How to cope with avoidant attachment
The best way to cope with avoidant attachment is to understand where it comes from. Then, you can work on changing it. For example, if someone tells you that they don't care about you, ask them why.
Ask questions until you get answers. Don't let go until you figure out whether their words mean "I really don't care" or "I'm just saying I don't care."
What kind of person would most likely exhibit avoidant attachment?
A person who was neglected early on in their childhood may develop avoidance attachment.
Those with an insecure attachment style often avoid intimacy and may have had a difficult childhood. It's important to recognize unhealthy patterns of interaction and think about ways to improve them by either starting new habits or seeking out help via professional counseling.
Those who have experienced a frighteningly negative reaction from a parent at a young age can develop an attachment disorder as they get older.
Many people with certain types of personality disorders also deal with anxiety, which makes it difficult for them to form new relationships because those fears are so deeply ingrained in their lives--especially those who have been abused as children or adults, usually more than once.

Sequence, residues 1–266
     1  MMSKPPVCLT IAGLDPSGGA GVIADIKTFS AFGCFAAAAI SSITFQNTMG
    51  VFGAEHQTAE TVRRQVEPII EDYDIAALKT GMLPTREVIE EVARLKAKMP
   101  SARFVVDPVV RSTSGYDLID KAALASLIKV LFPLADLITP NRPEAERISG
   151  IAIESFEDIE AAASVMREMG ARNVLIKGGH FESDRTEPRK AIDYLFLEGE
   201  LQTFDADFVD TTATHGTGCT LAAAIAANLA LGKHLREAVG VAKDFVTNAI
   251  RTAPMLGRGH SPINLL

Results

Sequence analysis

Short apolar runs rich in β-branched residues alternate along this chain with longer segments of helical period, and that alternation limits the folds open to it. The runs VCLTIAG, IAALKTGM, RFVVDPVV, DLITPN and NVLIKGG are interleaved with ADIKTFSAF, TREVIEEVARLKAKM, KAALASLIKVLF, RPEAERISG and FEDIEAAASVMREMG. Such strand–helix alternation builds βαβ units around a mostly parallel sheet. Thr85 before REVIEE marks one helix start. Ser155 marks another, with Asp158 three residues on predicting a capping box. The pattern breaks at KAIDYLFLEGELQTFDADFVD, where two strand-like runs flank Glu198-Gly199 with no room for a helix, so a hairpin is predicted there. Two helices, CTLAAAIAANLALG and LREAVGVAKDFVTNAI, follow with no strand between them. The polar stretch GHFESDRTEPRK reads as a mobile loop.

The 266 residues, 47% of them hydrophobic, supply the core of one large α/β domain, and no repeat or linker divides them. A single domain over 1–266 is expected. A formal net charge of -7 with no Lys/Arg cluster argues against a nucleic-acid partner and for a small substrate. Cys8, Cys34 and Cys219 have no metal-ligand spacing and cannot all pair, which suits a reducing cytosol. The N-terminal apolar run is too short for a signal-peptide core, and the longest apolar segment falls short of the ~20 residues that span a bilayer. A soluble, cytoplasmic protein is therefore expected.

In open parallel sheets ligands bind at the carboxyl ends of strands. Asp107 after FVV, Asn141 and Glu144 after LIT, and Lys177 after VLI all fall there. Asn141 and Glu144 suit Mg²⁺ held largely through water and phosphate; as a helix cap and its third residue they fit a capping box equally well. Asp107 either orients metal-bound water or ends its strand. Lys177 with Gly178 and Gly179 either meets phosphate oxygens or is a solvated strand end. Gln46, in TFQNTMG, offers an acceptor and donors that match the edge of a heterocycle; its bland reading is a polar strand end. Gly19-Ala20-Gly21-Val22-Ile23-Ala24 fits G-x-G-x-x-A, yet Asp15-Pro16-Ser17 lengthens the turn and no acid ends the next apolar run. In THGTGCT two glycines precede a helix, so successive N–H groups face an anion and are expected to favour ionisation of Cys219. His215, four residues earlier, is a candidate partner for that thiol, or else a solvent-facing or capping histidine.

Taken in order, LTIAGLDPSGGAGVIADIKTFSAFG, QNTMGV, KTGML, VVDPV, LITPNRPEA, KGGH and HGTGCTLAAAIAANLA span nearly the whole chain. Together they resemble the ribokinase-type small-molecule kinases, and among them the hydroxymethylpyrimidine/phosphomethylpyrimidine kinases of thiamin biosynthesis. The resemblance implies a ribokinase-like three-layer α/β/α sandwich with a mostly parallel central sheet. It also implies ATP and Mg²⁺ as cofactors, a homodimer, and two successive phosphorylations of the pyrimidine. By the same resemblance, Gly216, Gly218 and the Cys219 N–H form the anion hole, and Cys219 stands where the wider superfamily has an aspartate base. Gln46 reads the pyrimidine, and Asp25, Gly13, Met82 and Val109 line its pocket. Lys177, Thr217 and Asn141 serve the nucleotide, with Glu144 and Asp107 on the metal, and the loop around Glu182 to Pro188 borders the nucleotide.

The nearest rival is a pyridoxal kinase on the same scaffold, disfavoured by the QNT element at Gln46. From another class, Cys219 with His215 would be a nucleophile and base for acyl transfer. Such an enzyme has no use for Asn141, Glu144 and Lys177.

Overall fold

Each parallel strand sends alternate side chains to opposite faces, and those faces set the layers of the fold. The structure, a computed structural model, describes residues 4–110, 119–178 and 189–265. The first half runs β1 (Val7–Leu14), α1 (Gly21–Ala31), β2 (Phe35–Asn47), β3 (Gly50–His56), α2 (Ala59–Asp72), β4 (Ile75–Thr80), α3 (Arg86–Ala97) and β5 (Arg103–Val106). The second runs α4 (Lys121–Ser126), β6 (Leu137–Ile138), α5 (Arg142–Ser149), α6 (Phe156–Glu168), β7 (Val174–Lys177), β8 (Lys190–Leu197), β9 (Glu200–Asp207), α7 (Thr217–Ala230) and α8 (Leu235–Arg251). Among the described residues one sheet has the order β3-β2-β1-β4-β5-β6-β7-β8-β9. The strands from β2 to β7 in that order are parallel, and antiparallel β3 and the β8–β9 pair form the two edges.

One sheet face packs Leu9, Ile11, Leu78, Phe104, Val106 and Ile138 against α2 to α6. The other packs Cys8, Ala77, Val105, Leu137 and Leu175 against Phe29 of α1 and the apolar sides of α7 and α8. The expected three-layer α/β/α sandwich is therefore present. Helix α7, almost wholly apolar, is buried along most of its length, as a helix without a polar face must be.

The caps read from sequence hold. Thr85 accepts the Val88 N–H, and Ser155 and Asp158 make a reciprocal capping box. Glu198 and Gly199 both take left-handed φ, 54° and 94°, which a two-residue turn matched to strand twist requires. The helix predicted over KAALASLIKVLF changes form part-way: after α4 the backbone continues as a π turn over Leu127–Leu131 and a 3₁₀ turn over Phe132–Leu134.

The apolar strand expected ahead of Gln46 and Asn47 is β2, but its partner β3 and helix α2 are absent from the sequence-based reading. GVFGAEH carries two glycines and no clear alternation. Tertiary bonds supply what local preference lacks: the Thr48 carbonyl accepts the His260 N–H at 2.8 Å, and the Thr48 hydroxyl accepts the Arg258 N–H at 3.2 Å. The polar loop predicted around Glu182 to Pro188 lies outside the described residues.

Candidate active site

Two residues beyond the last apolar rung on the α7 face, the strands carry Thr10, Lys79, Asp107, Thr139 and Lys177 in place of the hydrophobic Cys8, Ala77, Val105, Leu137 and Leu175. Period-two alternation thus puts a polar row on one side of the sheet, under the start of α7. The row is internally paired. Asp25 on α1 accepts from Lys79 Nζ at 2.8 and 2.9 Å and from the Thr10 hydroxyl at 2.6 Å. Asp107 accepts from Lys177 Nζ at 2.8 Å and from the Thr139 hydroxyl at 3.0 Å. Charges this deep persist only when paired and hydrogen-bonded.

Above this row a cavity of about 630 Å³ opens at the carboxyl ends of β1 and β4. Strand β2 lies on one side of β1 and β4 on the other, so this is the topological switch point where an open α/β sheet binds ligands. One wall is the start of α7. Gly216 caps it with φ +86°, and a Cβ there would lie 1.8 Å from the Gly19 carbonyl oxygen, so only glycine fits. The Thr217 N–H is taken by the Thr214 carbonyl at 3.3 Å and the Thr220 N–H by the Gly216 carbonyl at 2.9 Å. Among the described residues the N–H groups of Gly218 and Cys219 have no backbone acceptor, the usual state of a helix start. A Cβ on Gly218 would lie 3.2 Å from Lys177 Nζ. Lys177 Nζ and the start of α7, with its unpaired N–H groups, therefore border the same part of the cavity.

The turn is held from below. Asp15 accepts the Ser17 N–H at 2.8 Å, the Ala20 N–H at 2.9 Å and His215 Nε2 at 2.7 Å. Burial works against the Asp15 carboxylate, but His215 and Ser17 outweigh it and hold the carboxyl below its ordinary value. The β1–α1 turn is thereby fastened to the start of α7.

In some cases, these individuals may be addicted to drugs or alcohol linking them even tighter to the past making it impossible for change to happen without professional help.
What does avoidant attachment look like in adults?
In an article titled, "Avoidant Attachment: Understanding Insecure Avoidant Attachment," by Joyce Catlett, M.A. adults with avoidant attachment styles may be identified by the following:
When faced with threats of separation or loss, many dismissive men and women are able to focus their attention on other issues and goals. Others tend to withdraw and attempt to cope with the threat on their own. They deny their vulnerability and use repression to manage emotions that are aroused in situations that activate their attachment needs. When they seek support from a partner during a crisis, they are likely to use indirect strategies such as hinting, complaining, and sulking. Read more at psychalive.org